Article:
Manila Bay

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       Manila Bay, famous for its beautiful sunset, is the best natural harbor in Eastern Asia and one of the finest in the world.  The city of Manila is on the eastern shore of the bay, and on the southeast is the city of Cavite.  The entrance to Manila Bay is divided by the island of Corregidor into two channels. sunset at Manila Bay  dusk at Manila Bay

       The Manila Bay area was the focus, during the early phase of World War II, of a desperate attempt to save the Philippines from Japanese conquest.  In the Allied recovery of the Philippines (1944-45), many Japanese ships were sunk in the bay.

       Situated on the western part of Luzon, Manila Bay is bounded by the provinces of Cavite in the south, Metro Manila and Rizal in the east, Bulacan and Pampanga in the north, and Bataan in the west and northwest. The bay has an area of approximately 1,700 sq km, a length of 60 km, and widths varying from 22 km in the mouth to 60 km at the widest portion.  The average depth of the Bay is 17 m (volume = 30 x 109 cu m), and it receives drainage from nearly 17,000 sq km of watershed composed of 26 catchment areas.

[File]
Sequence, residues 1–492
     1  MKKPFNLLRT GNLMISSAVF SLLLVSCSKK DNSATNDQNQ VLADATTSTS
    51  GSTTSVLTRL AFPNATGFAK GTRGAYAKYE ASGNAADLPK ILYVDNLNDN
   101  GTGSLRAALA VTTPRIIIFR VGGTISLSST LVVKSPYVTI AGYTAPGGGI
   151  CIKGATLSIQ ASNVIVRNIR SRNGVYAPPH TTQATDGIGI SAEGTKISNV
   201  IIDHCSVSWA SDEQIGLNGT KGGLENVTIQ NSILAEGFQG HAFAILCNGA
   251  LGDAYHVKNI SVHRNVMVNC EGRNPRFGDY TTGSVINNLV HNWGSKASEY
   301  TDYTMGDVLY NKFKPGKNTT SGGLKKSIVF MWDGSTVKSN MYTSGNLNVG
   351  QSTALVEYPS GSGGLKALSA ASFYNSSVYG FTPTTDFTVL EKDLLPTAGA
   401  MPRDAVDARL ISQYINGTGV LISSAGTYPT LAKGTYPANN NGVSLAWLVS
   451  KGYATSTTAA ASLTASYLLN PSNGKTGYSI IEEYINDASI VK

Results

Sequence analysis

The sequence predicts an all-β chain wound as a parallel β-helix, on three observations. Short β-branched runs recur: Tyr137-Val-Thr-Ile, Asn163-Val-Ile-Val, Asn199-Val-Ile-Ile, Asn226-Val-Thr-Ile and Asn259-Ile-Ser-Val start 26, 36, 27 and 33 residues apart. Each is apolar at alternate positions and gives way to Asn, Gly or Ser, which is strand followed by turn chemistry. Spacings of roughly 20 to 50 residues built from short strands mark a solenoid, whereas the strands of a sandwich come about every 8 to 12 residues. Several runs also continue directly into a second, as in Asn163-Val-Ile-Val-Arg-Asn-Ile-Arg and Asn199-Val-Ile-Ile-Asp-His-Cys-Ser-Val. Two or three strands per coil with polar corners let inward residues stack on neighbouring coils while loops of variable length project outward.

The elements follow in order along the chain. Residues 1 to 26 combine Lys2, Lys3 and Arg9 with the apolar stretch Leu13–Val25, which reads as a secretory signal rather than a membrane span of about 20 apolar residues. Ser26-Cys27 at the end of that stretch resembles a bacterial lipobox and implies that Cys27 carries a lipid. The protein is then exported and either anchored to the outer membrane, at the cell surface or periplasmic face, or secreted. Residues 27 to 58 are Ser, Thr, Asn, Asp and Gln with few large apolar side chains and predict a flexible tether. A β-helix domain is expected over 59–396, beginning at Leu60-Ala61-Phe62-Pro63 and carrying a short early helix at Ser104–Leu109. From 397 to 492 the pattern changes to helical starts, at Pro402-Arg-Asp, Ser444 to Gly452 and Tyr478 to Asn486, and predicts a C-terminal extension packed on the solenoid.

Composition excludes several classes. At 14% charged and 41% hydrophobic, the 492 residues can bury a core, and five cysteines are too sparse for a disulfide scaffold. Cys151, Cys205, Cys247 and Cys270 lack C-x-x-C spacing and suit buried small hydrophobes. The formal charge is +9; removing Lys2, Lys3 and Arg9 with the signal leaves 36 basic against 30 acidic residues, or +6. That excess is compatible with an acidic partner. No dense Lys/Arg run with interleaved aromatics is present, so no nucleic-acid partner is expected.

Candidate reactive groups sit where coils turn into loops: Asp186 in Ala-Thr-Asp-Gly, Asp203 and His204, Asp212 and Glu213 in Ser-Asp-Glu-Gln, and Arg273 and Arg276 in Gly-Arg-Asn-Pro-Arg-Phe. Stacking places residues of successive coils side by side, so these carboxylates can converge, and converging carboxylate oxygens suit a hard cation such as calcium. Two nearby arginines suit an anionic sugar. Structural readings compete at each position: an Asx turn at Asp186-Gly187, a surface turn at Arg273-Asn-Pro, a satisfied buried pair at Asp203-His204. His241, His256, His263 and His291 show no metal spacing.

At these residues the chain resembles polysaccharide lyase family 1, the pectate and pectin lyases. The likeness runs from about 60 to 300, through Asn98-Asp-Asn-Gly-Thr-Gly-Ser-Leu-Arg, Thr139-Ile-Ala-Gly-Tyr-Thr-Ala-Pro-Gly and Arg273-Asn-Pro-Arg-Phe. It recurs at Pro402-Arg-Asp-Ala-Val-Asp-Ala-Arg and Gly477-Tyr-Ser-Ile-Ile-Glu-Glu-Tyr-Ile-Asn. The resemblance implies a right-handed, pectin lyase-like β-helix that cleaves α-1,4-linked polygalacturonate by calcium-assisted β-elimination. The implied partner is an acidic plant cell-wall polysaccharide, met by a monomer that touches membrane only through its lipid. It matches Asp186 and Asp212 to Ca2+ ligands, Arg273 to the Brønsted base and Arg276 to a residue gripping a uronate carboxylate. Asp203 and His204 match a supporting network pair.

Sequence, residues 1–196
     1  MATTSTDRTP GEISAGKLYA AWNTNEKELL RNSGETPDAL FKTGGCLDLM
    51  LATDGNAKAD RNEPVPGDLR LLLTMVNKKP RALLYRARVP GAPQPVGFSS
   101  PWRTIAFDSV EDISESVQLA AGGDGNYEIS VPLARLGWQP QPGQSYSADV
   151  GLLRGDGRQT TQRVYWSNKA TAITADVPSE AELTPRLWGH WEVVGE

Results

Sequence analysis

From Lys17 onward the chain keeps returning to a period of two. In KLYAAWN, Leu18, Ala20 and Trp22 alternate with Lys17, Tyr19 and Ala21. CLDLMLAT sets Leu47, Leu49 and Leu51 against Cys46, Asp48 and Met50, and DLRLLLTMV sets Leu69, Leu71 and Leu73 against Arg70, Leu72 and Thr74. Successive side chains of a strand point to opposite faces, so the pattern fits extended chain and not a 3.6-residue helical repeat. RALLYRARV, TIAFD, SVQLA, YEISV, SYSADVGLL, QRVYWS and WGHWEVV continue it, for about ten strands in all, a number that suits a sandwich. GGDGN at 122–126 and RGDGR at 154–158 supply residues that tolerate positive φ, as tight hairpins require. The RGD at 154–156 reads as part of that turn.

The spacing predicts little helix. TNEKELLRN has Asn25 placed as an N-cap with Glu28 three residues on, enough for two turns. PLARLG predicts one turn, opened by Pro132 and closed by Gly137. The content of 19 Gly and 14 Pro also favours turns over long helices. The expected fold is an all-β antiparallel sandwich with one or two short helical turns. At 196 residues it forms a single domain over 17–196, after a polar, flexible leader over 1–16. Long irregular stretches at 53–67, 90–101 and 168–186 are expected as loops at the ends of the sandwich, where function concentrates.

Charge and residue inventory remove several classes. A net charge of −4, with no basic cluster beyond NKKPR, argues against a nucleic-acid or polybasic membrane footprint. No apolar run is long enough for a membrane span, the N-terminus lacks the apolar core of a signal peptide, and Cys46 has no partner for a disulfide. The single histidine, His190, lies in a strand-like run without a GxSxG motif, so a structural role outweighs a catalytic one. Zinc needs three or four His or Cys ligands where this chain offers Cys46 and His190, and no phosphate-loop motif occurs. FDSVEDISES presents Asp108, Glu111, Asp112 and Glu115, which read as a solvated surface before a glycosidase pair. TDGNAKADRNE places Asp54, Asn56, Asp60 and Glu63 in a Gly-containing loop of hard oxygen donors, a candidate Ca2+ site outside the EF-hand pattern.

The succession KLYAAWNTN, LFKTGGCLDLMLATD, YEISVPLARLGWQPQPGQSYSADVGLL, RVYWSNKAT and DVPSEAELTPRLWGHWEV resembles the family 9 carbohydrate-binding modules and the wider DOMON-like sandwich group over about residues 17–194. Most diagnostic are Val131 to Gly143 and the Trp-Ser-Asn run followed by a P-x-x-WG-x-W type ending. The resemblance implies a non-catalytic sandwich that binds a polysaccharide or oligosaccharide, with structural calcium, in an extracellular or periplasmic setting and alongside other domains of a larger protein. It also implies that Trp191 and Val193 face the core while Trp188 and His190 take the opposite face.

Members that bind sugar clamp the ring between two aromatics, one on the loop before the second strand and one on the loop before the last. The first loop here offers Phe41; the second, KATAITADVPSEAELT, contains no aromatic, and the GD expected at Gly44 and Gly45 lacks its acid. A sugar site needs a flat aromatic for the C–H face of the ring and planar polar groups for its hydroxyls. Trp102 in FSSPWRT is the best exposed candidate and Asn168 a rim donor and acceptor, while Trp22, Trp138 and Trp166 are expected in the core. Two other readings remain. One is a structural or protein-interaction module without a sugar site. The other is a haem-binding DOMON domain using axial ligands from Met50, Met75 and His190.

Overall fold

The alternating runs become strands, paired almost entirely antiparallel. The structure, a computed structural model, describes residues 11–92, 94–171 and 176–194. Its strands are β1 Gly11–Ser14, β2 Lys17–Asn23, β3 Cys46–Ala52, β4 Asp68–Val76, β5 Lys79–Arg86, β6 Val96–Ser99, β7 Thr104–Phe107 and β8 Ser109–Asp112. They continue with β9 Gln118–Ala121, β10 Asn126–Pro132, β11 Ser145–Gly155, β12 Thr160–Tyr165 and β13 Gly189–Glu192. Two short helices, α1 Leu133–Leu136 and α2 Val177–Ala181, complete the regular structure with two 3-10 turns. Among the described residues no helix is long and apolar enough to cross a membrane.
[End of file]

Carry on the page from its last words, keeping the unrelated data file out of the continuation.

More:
The Pasig River Basin (area of 9,000 sq km) and the Pampanga River Basin (area of 3,900 sq km) make up more than 75% of the whole watershed.  The Pampanga River contributes approximately 49% of the net fresh water influx into the Bay, while Pasig River contributes about 21%.  The other river systems make up 26% of the freshwater source and the remaining 4% comes from net precipitation over the Bay. 

       The human population of the cities and municipalities within the catchment areas is constantly growing.  Consequently, the organic pollution load into the Pasig River and Manila Bay that comes from domestic wastewater has been its biggest threat.

Photos by Ram Agapay
Source: N and P Budget of Manila Bay, Philippines
  by G.S. Jacinto, M.L. San Diego-McGlone, I.B. Velasquez, and S.V. Smith